Our family dog Nittany laid glassy-eyed on the sofa cushion next to me. When I got up to go into the kitchen, she lay still. When I opened up the refrigerator, she barely even registered a look.
Now normally in our house, Nittany, a 12-year-old Lhasa Apsa – Bichon Frise mix, knows where everyone is at all hours of the day. She’s a sentinel on guard duty letting us know of any possible foreign intruders, that’s short for Fed-Ex delivery drivers, garbage men and, God forbid, neighbors walking outside. She takes her job seriously. It may be our home, but she tackles her job like it’s a Buddhist Monastery or palace high up in the Himalayan Mountains like her forefathers.
If serving guard duty wasn’t enough, Nittany has a hidden tracker on the entire family. If someone happens to walk to the kitchen, she follows them in the off-chance she’ll get an extra scrap or two. Plus, to her way of thinking, you never know when an UPS driver may show up in the dining room, so it’s best to always be on guard.
Out of sorts
On this day, though, she sat with a sad, melancholy look on her face. You could tell that she wasn’t feeling well. I knew right away that she was going through withdrawal. Our son, who had been away for a year, had recently come home for a two-week stay. While he was home, Nittany had followed him everywhere, to the kitchen, to his bedroom, wherever he went. Now that he was gone again, she missed him.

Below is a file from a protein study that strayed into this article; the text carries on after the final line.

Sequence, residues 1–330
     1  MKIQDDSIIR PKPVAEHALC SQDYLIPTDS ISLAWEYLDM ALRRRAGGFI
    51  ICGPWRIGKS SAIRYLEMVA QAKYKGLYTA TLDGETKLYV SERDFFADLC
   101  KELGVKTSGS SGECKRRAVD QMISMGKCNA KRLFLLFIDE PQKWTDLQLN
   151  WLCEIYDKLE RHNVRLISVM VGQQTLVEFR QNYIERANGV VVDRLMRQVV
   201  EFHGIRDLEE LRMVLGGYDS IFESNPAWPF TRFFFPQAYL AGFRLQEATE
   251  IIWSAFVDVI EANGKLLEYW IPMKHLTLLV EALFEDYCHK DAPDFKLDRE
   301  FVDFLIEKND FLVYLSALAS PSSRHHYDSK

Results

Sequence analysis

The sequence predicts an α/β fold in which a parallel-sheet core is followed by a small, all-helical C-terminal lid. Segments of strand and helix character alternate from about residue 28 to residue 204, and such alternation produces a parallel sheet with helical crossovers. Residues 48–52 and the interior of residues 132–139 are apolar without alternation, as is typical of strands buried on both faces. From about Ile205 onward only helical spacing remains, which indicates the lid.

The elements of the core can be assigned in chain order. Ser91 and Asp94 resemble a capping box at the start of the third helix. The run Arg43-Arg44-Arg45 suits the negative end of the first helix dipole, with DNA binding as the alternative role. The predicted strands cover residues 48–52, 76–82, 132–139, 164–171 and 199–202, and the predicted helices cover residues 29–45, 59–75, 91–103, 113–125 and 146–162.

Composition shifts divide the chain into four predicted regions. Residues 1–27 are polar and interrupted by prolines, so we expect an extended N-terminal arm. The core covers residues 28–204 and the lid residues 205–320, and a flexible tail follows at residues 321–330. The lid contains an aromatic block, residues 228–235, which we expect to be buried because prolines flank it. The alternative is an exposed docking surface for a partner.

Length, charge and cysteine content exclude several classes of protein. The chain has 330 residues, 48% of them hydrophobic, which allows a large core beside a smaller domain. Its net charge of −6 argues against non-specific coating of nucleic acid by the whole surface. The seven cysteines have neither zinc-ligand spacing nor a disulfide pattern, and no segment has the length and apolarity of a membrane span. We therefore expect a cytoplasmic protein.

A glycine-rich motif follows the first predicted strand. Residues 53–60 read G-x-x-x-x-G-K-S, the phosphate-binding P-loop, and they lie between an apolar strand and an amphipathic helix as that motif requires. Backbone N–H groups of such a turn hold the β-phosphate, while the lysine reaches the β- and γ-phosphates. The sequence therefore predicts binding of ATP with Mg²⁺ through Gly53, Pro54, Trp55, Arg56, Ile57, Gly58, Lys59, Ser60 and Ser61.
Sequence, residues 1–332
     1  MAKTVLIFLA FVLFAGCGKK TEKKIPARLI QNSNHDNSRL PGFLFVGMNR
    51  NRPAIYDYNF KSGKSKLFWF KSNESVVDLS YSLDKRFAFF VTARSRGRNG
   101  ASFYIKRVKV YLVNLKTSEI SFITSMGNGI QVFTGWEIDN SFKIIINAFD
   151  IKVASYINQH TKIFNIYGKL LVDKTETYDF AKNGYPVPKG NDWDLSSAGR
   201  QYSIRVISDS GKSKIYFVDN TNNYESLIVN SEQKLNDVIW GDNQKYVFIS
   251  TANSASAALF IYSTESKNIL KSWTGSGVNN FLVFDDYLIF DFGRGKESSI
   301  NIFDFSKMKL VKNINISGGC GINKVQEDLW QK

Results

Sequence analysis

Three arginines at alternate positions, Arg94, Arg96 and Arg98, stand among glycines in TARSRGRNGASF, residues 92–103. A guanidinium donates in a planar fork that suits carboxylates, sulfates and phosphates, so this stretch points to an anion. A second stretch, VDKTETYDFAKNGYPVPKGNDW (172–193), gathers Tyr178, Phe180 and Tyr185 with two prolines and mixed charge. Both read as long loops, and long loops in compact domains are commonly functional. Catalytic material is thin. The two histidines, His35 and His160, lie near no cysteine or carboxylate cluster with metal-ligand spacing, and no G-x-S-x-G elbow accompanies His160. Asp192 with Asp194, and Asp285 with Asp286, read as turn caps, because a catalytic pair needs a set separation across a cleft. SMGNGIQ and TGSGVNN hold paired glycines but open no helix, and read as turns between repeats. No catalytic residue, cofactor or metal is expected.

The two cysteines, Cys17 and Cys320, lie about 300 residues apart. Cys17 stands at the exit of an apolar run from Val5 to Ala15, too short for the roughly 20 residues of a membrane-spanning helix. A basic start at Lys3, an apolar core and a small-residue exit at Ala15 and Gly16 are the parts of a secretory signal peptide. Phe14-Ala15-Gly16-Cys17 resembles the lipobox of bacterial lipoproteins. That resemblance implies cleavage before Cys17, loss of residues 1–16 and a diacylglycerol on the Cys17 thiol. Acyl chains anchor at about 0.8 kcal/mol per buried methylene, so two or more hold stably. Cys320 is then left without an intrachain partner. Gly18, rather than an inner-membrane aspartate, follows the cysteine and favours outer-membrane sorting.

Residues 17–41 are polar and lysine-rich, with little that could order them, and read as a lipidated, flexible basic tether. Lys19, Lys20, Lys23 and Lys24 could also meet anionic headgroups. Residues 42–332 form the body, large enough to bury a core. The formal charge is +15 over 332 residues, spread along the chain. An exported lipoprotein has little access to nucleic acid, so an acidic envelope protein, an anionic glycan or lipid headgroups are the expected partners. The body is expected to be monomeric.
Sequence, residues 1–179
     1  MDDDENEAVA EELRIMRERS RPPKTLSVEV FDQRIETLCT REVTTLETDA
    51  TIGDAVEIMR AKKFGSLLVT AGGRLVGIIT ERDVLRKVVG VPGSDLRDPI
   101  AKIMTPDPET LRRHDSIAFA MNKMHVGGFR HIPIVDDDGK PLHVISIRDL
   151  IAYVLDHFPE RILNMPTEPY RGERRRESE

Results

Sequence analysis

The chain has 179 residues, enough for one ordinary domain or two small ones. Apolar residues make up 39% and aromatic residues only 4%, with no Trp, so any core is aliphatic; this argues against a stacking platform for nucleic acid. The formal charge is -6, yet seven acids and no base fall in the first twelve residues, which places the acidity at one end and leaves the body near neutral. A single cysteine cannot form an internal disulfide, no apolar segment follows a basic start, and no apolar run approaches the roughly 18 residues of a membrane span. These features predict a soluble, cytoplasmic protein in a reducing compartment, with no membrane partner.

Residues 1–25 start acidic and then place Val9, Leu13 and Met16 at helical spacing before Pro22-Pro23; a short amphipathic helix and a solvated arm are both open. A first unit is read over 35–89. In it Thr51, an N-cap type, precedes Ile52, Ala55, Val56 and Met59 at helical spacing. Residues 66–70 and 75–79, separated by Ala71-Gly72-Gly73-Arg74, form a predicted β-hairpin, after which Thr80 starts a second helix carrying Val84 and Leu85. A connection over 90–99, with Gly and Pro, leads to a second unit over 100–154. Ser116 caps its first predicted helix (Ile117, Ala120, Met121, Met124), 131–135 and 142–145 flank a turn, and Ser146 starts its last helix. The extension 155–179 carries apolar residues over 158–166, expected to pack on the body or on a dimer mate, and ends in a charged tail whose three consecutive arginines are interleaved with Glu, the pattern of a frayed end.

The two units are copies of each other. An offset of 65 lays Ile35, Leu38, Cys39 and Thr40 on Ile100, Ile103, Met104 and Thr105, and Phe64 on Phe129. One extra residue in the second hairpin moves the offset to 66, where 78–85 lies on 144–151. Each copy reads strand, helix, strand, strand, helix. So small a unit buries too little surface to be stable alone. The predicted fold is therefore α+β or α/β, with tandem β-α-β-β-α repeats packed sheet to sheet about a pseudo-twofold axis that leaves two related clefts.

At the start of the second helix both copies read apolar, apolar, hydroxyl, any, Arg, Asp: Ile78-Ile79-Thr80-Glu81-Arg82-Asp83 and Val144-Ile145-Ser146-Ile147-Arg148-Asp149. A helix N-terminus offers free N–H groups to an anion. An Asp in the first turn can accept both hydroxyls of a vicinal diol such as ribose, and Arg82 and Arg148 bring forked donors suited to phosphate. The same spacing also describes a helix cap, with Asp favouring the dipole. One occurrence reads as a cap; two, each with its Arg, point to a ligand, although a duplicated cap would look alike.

I tried to calm Nittany, telling her that everything was going to be fine, but she just stared back at me. I even sat next to her in the living room and rubbed her head, but she wanted no part of it. In fact, she got up and walked to another chair to get away from me.
No, Nittany wanted to mope.
A K-9 friend
It’s moments like these that I often joke with my wife that Nittany needs a friend and that we should think about getting another dog. On this occasion, I tell her about the rescue dog I saw online. My wife always waves her arms at me like I’ve lost my mind and tells me that is the worst idea imaginable. My wife worries about potty training and taking care of another dog, which are legitimate worries, but she also points out a key fact that always seems to go over my head: Nittany hates other animals, especially dogs, more than she hates humans.
When my wife says that, I always take a step back and say, “yea, you’re right. What in the hell was I thinking.”
While it’s a nice thought, getting a friend for Nittany, the idea just won’t work in practice. So Nittany mopes with her herd now gone and I worry about her, but the worry is short-lived — come dinnertime Nittany has her appetite back and chows down her dinner like there’s no tomorrow.
Later, she’s even back to her old tricks begging for more treats and licking her lips, before finally deciding to curl up next to me on the sofa. I’m not my son or one of the other two kids, but, in Nittany’s book, I’ll do for the moment.